g. Partnership. If two organizations are applying for the award in the form of a partnership, they must demonstrate an approach to ensure successful collaboration including clear delineation of respective roles and responsibilities. The applicants must also identify the lead organization and submit the partnership agreement. (Please note that points will be neither awarded nor deducted for partnership formation as long as a collaborative capability can be shown.)

3. Experience and Qualifications of Key Personnel (25 points).

This section of the application must include sufficient information to judge the quality and competence of staff proposed to be assigned to the education innovations program to assure that staff meet the required qualifications. Successful performance Start Printed Page 19280of the proposed work depends heavily on the qualifications of the individuals committed to the program. Accordingly, in evaluating the application considerable emphasis will be placed on the applicant's commitment of personnel who are qualified to accomplish the assigned tasks. Individuals designated as key personnel must sign letters of agreement to serve and indicate availability to commence work within three weeks of grant award.

The applicant should include a resume for each professional to be assigned to the program in an annex. At a minimum, each resume should include: the individual's educational background, current employment status and previous work experience, including position title, duties performed, dates in position, and employing organizations. The resume should highlight the special capabilities of the individual that demonstrate prior experience in organizing, managing and performing similar efforts.

a. Program Director (Key Personnel). The Program Director will provide leadership, vision and technical expertise to be applied to the development of the education innovations program including thematic content, award criteria, approaches to encourage innovation, and development of a communications strategy to ensure widespread global dissemination of the objectives and requirements of the education innovations program, and later of its results. The Director must have a minimum of three years of leadership experience in the fields of international development, international education, communications, or implementation of programs and projects in developing and emerging countries. Experience in strategic planning, strategic communications, and monitoring and evaluation is preferred. Points will be given for candidates with additional years of experience.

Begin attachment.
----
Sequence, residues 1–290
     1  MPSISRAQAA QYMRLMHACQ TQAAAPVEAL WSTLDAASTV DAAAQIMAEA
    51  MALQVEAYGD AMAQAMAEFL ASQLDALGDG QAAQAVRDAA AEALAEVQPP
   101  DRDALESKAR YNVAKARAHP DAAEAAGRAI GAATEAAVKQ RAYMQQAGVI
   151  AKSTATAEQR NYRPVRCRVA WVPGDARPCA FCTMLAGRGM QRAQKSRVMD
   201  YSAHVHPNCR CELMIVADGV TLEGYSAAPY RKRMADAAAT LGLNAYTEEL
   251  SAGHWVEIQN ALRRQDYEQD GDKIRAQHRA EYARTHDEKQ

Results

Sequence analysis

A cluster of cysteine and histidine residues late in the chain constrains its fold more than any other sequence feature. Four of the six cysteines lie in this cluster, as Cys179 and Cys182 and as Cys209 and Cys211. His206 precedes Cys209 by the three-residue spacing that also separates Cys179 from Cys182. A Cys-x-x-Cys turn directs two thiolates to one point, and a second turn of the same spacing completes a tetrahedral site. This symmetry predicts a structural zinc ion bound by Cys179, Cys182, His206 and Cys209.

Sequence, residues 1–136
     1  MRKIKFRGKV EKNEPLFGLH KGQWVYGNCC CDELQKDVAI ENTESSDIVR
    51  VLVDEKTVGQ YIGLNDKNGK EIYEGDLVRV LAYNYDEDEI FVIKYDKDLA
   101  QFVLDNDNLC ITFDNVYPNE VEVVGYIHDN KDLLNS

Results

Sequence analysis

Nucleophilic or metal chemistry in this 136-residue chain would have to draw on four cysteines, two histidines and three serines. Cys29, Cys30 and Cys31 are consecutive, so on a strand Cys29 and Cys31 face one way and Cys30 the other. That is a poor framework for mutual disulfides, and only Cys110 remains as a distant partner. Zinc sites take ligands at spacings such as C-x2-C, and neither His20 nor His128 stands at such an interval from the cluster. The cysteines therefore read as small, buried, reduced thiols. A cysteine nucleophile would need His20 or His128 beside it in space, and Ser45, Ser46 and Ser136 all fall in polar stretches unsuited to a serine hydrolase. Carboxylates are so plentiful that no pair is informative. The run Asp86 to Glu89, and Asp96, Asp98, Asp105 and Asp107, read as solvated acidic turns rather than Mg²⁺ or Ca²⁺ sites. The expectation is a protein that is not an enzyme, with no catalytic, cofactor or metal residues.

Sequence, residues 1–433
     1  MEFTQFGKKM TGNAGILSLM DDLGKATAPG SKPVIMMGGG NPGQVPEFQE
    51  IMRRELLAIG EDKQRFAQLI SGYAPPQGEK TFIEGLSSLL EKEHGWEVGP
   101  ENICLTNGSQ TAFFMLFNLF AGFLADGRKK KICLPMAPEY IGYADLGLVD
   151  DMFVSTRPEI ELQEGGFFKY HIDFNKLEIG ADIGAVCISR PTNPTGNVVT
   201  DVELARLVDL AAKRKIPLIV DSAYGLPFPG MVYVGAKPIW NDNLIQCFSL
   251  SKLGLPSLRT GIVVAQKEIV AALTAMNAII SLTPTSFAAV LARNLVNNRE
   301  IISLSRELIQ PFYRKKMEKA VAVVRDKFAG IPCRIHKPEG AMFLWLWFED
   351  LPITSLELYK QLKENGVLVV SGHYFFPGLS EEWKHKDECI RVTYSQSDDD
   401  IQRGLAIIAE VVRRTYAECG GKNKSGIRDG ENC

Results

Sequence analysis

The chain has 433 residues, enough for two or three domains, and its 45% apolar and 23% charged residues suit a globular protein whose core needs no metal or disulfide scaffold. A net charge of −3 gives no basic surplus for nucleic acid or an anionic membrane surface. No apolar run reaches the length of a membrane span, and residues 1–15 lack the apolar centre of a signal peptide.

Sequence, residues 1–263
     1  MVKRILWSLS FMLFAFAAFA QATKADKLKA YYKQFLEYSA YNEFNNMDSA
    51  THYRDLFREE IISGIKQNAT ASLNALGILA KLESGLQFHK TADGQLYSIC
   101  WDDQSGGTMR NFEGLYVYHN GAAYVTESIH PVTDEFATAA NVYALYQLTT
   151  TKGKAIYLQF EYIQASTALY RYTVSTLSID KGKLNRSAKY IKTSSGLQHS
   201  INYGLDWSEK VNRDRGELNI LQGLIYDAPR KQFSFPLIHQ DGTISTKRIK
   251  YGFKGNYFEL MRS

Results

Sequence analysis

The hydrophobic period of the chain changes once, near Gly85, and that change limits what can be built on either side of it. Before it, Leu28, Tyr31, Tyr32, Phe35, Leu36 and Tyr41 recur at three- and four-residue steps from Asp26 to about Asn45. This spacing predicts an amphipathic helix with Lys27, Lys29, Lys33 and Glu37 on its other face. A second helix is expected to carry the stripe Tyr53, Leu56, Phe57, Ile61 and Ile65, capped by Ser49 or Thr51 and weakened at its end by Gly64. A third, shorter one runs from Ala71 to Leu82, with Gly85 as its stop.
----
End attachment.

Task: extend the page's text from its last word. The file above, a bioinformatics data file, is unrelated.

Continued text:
b. Program Manager (Key Personnel). The Program Manager will take care of the day-to day operations of the education innovations program. He/She must have a minimum of three years of professional experience with the management of similar programs. Preferred candidates will also have knowledge of child labor issues and experience in the development and management of basic education programs in developing countries in areas such as education policy, improving educational quality and access, and monitoring and evaluation of basic education projects.

c. Other staff. The applicant must identify other (not key personnel) staff positions required to implement this grant, and must propose candidates for the position. The duties of the personnel should be clearly defined in terms of role performed, e.g., manager, team leader, consultant, etc. Resumes should be included in the annex.

4. Leverage of Funding (5 points).

The Department will give up to five (5) additional rating points to applications that include non-Federal resources that significantly expand the dollar amount, size and scope of the application. The applicant may include any leveraging or co-funding anticipated. To be eligible for the additional points in the criterion, the applicant must list the source(s) of funds, the nature, and possible activities anticipated with these funds under this cooperative agreement and any partnerships, linkages or coordination of activities, cooperative funding, etc.

Start Signature

Signed in Washington, DC, this 12th day of April, 2002.

Lawrence J. Kuss,

Grant Officer.

End Signature

Appendix A: SF 424—Application Form.

Appendix B: SF 424A—Budget Information Form.

Appendix C: Guidelines for Project Selection.

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Use Column A to record funds requested for the initial period of performance (i.e. 12 months, 18 months, etc.); Column B to record changes to Column A (i.e. requests for additional funds or line item changes; and Column C to record the totals (A plus B).

Instructions for Part II—Budget Information

Section A—Budget Summary by Categories

1. Personnel: Show salaries to be paid for project personnel which you are required to provide with W2 forms.

2. Fringe Benefits: Indicate the rate and amount of fringe benefits.

3. Travel: Indicate the amount requested for staff travel. Include funds to cover at least one trip to Washington, DC for project director or designee.

4. Equipment: Indicate the cost of non-expendable personal property that has a useful life of more than one year with a per unit cost of $5,000 or more. Also include a detailed description of equipment to be purchased including price information.

5. Supplies: Include the cost of consumable supplies and materials to be used during the project period.